557 S.W.2d 511 (Tex. 1977), B-6597, State v. Addington

Docket Nº:B-6597.
Citation:557 S.W.2d 511
Party Name:STATE of Texas, Petitioner, v. Frank O'Neal ADDINGTON, Respondent.
Case Date:October 12, 1977
Court:Supreme Court of Texas
 
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Page 511

557 S.W.2d 511 (Tex. 1977)

STATE of Texas, Petitioner,

v.

Frank O'Neal ADDINGTON, Respondent.

No. B-6597.

Supreme Court of Texas.

October 12, 1977

Ronald L. Wilson, Dist. Atty., Charles T. Lambright, Asst. Dist. Atty., Galveston, for petitioner.

Boston & Brown, Martha L. Boston, Austin, for respondent.

PER CURIAM.

This case involves the proper standard of proof that is required in indefinite commitment cases under the provisions of the Texas Mental Health Code. 1 Frank Addington was committed to the Austin State Hospital for an indefinite period of time after the jury found that he was mentally ill and required hospitalization for his own welfare and protection, as well as for the protection of others. The trial judge instructed the jury that the State's burden was to prove each special issue by "clear and convincing evidence." The court of civil appeals reversed and held that the proper standard of proof was "beyond a reasonable doubt." 546 S.W.2d 105.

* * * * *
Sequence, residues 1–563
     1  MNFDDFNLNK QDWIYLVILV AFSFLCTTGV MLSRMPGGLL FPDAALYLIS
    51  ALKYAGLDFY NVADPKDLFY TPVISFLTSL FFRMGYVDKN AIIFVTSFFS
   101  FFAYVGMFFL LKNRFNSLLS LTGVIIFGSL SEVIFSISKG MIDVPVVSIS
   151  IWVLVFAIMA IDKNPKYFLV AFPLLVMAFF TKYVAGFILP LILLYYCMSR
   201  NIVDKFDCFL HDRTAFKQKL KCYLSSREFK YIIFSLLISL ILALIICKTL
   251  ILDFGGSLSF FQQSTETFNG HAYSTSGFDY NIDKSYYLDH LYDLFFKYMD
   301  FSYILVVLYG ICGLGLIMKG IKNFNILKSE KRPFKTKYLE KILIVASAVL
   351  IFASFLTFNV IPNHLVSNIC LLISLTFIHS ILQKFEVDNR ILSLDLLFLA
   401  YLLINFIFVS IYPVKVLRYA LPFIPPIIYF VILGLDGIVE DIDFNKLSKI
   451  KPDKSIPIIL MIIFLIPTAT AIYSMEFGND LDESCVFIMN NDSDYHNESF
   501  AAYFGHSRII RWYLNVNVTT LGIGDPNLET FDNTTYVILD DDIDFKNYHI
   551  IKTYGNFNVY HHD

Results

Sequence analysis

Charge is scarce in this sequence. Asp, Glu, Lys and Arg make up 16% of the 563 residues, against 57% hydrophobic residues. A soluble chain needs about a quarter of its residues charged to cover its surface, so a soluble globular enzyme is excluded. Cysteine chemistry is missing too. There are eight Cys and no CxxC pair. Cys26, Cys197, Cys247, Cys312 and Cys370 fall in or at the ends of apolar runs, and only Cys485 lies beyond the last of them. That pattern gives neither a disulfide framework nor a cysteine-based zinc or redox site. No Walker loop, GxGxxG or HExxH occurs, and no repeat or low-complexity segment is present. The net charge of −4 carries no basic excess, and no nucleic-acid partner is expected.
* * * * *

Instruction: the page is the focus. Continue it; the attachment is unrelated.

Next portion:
The holding in the instant case conflicts with this court's decision in State v. Turner, 556 S.W.2d 563 (1977). The facts in these two cases are very similar. In both cases, the jury was instructed that the proper standard of proof was that of clear and convincing evidence. The courts of civil appeals reversed the cases because they held that the stricter standard of beyond a reasonable doubt was required. In Turner, this court held that preponderance of the evidence was the proper standard of proof to be used in civil commitment cases. For the reasons expressed in Turner, we hold that it was error for the court of civil appeals in this case to require the State to prove each issue beyond a reasonable doubt. Since the jury found Addington to be mentally ill under a stricter standard than is required, the instruction given does not constitute harmful error.

Page 512

Pursuant to Texas Rule of Civil Procedure 483, we grant the writ of error and, without hearing oral argument, reverse the judgment of the court of civil appeals and affirm the judgment of the trial court.


Notes:

[1] Tex.Rev.Civ.Stat.Ann. art. 5547-1 et seq. (1958).


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